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Misadventures in Bizarro World

Rating: 3.5 out of 5 stars.

Adapted from a dark childrenís novella by British author Neil Gaiman and directed by Henry Selick, who played a pivotal role in crafting the look of Tim Burtonís Nightmare Before Christmas, Coraline is a visual achievement of the highest order, an endlessly inventive spectacle that represents the first stop-motion animation feature ever filmed in 3-D. Judging by the results, it will not be the last.

Selick, no stranger to tales of ghosts, goblins and ghoulish guardians -- he also directed 1996ís James and the Giant Peach -- seems right at home in Gaimanís cheerfully demented universe, where young Coraline (voiced by Dakota Fanning) yearns for an escape from the hopelessly dreary home she shares with her inattentive parents. She gets her wish when she discovers a doorway to a parallel universe that seems to promise all the pleasures missing from her real life: a colorful wardrobe, a kitchen overflowing with savory treats and parents who hang on her every word. But something is amiss.

Coralineís Other Mother (Teri Hatcher) is a mirror image of the real one, save for her curiously off-putting grin and the cold plastic buttons where her eyes should be, and before long her affections melt away completely. Once her wicked endgame is revealed -- she plans to steal Coralineís soul and banish her parents to an eternity in fantasy hell -- it is up to Coraline to save the day.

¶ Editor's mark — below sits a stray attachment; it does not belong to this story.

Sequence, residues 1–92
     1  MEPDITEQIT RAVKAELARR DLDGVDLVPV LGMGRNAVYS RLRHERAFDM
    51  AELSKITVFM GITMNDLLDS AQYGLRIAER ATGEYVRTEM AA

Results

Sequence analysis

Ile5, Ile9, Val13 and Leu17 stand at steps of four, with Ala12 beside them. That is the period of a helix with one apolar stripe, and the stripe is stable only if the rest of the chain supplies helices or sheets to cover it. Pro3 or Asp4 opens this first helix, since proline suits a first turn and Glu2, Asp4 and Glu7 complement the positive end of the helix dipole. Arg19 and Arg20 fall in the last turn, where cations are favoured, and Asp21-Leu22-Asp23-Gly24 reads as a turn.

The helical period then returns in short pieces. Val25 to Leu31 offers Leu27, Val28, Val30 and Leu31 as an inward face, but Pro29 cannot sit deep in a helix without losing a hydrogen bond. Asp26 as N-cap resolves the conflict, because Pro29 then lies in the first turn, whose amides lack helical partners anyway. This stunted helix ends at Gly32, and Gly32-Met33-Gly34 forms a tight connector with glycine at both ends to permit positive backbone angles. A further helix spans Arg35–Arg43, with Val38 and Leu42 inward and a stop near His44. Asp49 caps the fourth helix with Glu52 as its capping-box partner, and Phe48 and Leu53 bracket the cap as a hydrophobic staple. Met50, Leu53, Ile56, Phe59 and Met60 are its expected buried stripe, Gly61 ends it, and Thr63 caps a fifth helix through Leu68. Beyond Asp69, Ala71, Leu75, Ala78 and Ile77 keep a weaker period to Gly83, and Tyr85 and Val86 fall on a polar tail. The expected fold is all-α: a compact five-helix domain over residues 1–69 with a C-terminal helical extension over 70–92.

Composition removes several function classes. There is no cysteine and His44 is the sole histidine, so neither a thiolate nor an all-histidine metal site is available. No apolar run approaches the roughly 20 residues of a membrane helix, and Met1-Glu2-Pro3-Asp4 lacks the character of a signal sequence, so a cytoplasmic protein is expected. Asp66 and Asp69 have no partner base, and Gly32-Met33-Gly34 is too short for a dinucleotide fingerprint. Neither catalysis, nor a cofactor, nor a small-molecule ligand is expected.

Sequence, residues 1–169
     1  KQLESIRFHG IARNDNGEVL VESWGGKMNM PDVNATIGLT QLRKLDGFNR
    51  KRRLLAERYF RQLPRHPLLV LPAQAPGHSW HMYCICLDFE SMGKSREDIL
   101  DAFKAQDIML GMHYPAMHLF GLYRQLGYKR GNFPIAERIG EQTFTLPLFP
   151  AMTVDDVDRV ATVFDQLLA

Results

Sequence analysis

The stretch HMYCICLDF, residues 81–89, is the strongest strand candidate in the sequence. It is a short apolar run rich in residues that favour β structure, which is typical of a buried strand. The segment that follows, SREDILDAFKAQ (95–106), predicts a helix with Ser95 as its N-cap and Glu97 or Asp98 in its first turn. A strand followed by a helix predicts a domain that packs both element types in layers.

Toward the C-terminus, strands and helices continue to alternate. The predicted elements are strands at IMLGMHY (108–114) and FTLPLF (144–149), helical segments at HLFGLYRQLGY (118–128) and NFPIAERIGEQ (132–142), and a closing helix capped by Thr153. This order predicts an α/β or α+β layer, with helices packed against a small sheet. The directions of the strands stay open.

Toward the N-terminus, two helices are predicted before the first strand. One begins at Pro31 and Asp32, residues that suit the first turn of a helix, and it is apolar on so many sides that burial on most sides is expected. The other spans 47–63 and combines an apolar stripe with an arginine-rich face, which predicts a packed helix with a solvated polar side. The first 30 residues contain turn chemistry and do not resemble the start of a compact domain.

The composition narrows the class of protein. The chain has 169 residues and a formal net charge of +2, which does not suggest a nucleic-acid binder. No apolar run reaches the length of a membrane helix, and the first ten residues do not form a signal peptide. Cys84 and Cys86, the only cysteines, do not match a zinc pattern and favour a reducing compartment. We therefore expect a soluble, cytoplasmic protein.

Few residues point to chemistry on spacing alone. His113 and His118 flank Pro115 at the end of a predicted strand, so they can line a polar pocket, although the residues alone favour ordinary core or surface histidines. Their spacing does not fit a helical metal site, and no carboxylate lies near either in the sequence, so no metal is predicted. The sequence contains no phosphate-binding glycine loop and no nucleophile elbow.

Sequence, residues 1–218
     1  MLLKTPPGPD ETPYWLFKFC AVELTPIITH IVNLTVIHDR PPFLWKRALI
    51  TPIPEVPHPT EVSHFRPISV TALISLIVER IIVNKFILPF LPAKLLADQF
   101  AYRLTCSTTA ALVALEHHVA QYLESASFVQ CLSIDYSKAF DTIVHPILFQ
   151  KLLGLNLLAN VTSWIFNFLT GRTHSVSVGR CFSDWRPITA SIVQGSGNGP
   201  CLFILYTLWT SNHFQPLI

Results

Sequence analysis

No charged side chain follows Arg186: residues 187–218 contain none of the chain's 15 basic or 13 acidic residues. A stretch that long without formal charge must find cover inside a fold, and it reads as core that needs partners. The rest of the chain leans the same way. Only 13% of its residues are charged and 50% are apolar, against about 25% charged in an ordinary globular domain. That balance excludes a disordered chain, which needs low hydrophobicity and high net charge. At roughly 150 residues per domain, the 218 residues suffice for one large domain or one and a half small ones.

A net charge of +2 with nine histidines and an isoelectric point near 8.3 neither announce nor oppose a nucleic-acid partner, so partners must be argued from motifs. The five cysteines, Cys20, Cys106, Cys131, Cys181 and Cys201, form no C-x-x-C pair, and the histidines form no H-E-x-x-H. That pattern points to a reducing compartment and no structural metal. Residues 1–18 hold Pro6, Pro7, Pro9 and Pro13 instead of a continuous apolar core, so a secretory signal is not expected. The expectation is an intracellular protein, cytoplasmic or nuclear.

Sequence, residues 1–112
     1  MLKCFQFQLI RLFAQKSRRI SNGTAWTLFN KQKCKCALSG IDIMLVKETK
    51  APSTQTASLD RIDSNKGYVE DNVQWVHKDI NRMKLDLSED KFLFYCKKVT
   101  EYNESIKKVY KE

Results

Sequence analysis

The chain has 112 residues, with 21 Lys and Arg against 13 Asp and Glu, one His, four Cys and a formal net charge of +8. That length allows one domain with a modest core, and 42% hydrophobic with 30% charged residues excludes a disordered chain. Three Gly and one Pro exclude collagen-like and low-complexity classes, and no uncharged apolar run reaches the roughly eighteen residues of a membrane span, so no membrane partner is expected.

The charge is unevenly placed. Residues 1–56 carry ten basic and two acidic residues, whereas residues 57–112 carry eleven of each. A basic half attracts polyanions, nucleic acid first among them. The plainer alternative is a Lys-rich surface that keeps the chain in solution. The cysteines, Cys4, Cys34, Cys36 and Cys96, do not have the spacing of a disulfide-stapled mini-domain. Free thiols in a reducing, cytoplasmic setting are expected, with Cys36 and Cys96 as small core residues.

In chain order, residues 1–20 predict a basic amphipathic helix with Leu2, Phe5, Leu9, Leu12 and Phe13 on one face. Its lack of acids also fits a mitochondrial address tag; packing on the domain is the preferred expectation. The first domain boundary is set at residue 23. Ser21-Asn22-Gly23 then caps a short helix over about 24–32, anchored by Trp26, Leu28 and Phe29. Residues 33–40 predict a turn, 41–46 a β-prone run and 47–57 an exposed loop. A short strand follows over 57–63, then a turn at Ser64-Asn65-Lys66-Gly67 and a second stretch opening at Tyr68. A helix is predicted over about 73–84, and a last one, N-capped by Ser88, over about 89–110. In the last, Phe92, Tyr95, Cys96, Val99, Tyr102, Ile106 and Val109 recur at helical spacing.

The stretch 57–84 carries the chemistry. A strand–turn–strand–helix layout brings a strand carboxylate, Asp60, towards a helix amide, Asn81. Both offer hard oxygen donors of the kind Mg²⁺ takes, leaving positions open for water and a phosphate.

Selick, who also wrote the screenplay, remains mostly faithful to Gaimanís twisted fairy tale, which should seem familiar enough to those weaned on classic childrenís stories like Alice in Wonderland and The Wizard of Oz. Yet the thrill of Coraline is not so much in the storytelling, which is competent though not truly exceptional, but in the richness of the animation.

Coraline is a dazzling sensory experience, never more so than when its pint-size heroine crosses over into an alternate reality that is far more colorful and alive than the pallid confines of her Oregon apartment. Here, the 3-D effects seem less like a gimmick than a revelation -- Selickís world, with its lush gardens and cotton-candy cannons, practically jumps off the screen. It is a joy to visit, though as it turns out, you wouldnít want to live there.